A digital service provider faces serious consequences for not complying with a Section 91 notice. In a blog post, Delhi-based lawyer Abhinav Sekhri explains how Alibaba Group Holding Ltd.’s cloud business in the country got into serious trouble last year. Alibaba had earned less than $2,000 from hosting the website of an allegedly fraudulent enterprise. But because it hadn’t adequately responded to the data demand of the police team investigating the website, its bank account was frozen. The cloud operations were “virtually at a standstill” before Alibaba got interim relief from India’s Supreme Court on a third hearing date in November, Sekhri writes. To think that Razorpay could gave gotten itself a quick court order against the Delhi Police’s notice is wishful thinking, divorced from the reality of doing business in the country.
For companies like Razorpay, the only hope lies in a data protection law, which has already been five years in the making. It may help them build trust if service providers are required to provide color codes indicating whether a particular piece of personal data obtained by them will be given to the police on demand; or if at least a court order will be required first. Regulated businesses like finance and banking deserve a further layer of protection. In the Razorpay fiasco, the police’s Section 91 notice should ideally have been routed via the Reserve Bank of India.
The RBI has to be satisfied the data won’t be used for an unrelated purpose such as carrying out tax raids on Alt News donors. “One can’t over-emphasize the role of civil-society organizations in the country’s development,” says Ameet Datta, a tech privacy lawyer in Delhi. “The propensity of governments to do non-targeted surveillance has a chilling effect.”
It’s hard to be optimistic about any of this. No matter how stringent any Indian privacy law is on paper, the state is bound to seek a large exemption for itself on grounds of national security. Such a carve-out, according to one internet security analyst, will mean that any firm could in theory obtain sensitive data on its business rivals by getting a police inquiry started on a competitor’s customer.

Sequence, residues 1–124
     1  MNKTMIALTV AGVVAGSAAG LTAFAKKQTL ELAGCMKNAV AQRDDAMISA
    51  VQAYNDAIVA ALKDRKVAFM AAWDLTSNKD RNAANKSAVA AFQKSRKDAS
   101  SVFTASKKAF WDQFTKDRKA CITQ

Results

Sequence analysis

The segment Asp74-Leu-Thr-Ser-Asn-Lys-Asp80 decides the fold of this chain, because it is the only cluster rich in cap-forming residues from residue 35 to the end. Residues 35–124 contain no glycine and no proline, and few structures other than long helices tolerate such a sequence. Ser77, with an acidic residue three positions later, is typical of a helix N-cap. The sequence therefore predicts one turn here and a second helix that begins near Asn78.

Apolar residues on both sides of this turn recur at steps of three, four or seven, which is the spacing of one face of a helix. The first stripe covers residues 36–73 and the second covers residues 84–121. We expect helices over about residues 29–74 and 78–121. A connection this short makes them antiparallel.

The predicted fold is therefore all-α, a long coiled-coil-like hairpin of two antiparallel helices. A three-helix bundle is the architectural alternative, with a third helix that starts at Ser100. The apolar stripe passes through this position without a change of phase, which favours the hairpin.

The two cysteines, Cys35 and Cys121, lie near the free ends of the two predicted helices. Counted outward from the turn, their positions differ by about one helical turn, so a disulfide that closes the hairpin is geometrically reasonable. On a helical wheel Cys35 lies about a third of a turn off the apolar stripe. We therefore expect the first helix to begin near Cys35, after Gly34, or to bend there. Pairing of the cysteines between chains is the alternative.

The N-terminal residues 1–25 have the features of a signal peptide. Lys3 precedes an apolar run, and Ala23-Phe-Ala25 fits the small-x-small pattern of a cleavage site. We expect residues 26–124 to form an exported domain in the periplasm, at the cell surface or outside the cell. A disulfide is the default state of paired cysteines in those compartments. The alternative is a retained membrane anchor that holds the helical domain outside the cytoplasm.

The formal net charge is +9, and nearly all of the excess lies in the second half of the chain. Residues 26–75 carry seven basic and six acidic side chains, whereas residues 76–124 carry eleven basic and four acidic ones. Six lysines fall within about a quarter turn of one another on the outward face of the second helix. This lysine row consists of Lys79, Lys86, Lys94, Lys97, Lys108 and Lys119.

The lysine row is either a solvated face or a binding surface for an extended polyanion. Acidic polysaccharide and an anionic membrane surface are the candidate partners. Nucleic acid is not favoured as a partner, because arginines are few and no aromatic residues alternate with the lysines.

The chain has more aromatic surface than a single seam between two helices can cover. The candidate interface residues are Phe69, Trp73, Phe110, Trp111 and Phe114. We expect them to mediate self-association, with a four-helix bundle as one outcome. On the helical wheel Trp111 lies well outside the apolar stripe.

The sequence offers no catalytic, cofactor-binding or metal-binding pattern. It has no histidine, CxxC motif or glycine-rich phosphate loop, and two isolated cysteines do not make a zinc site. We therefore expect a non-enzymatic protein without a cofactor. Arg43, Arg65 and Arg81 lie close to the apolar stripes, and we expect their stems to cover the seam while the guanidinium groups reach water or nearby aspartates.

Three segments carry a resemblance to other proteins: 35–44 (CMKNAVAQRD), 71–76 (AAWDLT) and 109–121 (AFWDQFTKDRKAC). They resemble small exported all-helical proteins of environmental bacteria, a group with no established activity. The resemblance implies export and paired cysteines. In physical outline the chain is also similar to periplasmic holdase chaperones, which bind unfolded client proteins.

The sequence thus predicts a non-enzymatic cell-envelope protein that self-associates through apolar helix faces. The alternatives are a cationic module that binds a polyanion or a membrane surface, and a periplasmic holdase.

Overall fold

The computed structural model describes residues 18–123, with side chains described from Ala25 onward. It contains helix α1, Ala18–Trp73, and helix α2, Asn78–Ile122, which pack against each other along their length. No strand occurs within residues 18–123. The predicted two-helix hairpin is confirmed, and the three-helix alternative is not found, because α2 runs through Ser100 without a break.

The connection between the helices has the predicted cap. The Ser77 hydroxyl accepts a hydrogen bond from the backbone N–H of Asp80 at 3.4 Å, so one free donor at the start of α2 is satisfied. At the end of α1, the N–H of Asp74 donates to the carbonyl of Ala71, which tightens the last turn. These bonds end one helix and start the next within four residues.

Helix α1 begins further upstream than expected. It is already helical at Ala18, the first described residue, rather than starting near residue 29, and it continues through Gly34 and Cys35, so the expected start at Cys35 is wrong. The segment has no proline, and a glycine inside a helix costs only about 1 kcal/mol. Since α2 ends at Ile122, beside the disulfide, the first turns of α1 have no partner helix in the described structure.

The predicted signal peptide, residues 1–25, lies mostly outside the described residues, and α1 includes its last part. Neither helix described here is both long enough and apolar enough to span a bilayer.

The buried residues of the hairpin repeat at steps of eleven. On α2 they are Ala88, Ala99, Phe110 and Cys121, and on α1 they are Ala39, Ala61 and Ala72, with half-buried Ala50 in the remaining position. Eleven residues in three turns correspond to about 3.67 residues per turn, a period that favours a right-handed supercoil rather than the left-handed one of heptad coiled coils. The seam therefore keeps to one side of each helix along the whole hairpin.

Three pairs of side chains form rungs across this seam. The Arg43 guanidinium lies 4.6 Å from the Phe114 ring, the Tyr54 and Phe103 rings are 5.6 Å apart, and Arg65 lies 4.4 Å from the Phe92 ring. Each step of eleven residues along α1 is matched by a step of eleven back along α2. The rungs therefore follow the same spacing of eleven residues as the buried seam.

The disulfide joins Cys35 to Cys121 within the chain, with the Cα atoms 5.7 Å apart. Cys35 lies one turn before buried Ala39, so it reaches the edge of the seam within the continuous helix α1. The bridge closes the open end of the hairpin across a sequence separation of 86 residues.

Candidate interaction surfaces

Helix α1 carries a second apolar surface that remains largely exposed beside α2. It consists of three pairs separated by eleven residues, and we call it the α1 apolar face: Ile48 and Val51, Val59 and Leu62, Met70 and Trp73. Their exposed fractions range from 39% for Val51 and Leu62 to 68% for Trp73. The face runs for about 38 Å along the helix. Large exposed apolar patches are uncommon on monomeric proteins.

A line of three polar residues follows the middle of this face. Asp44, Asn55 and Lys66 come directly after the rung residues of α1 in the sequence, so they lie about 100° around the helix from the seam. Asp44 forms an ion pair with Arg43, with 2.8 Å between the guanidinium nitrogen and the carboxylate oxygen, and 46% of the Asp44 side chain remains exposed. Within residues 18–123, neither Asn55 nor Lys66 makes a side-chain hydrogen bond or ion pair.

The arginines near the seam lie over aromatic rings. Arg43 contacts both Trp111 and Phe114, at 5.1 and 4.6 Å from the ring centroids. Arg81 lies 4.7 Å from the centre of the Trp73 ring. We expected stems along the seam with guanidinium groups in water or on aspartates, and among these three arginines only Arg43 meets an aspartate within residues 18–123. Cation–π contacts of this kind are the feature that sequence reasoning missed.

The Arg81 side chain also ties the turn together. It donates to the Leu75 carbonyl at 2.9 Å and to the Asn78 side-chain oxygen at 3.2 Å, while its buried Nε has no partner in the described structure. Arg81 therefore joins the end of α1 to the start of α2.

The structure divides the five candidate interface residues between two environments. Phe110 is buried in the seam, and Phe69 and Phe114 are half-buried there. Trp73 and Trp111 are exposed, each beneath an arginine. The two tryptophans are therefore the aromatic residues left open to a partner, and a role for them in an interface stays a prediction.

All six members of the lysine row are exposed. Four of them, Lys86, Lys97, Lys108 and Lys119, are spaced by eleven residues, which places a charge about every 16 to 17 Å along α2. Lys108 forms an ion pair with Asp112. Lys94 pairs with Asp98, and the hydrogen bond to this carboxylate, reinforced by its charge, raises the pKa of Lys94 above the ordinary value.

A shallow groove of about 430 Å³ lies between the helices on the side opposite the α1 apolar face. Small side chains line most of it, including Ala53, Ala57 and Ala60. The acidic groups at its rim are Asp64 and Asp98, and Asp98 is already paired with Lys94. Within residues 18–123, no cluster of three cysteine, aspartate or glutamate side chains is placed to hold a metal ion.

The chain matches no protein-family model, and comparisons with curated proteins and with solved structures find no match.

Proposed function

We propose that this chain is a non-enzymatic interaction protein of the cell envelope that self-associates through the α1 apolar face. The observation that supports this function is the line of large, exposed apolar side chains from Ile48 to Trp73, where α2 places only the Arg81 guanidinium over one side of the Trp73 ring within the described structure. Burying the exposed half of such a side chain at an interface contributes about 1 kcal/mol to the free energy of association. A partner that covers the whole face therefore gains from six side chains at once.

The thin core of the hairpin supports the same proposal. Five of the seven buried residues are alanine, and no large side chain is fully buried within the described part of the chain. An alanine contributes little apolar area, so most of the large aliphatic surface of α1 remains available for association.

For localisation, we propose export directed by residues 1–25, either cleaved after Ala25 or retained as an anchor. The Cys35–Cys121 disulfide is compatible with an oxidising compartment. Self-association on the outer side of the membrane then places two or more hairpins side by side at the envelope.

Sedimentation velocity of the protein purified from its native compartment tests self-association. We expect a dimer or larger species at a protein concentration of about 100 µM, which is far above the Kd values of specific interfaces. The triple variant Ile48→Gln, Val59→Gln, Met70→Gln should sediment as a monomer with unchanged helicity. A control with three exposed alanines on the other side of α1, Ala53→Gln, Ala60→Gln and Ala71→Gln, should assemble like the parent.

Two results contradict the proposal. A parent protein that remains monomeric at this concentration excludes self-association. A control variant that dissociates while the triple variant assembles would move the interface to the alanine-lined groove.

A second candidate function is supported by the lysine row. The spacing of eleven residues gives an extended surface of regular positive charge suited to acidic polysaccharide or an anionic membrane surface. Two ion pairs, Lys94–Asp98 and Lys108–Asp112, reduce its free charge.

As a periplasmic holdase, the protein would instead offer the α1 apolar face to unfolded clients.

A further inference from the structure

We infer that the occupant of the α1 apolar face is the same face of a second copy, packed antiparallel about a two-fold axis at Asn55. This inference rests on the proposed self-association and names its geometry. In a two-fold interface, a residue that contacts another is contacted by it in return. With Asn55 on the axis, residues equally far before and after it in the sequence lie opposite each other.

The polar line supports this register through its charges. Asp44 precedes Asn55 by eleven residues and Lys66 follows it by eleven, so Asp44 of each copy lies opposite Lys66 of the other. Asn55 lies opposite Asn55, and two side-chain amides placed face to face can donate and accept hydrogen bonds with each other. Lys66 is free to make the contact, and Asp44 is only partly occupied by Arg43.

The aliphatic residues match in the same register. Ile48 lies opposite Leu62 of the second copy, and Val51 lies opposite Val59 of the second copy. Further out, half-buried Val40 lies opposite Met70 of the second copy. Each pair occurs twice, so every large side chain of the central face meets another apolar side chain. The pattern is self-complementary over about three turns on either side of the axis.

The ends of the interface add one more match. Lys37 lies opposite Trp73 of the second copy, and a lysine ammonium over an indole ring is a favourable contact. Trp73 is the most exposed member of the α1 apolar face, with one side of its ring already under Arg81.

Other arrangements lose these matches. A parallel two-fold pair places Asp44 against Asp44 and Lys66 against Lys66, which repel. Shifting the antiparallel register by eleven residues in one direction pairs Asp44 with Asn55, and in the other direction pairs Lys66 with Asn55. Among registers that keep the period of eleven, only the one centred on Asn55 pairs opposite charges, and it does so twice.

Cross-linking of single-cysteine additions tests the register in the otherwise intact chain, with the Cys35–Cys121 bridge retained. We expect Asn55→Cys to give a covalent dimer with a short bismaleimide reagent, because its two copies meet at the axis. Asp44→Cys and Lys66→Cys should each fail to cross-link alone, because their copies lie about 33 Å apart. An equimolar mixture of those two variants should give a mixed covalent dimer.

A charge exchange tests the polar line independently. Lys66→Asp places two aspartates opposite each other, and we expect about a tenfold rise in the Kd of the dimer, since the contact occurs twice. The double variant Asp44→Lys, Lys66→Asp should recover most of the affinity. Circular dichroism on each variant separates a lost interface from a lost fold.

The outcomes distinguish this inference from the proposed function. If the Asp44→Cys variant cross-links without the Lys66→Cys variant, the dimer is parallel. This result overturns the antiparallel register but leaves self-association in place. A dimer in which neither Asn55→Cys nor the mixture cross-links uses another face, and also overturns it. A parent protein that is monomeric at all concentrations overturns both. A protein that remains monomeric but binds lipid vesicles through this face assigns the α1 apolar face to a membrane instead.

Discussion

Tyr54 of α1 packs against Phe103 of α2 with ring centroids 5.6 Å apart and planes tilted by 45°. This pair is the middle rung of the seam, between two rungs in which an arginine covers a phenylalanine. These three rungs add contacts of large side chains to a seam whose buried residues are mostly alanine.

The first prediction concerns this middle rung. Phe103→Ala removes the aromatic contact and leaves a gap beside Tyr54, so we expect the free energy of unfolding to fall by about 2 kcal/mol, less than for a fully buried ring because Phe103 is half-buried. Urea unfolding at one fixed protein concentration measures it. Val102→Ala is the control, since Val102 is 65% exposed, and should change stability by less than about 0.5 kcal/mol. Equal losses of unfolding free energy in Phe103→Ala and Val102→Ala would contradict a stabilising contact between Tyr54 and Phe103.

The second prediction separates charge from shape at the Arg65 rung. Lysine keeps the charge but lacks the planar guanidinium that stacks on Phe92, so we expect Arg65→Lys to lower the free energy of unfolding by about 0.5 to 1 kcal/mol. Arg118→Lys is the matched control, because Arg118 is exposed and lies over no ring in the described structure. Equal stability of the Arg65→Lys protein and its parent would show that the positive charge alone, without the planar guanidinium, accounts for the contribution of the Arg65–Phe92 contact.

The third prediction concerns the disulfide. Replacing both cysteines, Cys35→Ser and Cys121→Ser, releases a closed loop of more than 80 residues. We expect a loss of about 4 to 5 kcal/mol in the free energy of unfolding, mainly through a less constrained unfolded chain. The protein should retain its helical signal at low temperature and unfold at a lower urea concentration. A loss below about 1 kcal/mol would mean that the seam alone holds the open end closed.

Digital startups in India aren’t asking for much more than the freedom to keep their operations running, their proprietary data secure, and their reputation with customers intact. Founders have an added concern about personal safety: They shouldn’t be arrested for obstruction of justice in cases where the information that’s being asked of them is disproportional to the scope of the state’s inquiry, or irrelevant to its stated purpose.
Big Tech in India gets the headlines for occasionally standing up to the state’s overreach. However, as the Razorpay episode has underscored, the bigger vulnerability — for both India’s digital economy and its democracy — may be the plight of its smaller firms.
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Andy Mukherjee is a Bloomberg Opinion columnist covering industrial companies and financial services in Asia. Previously, he worked for Reuters, the Straits Times and Bloomberg News.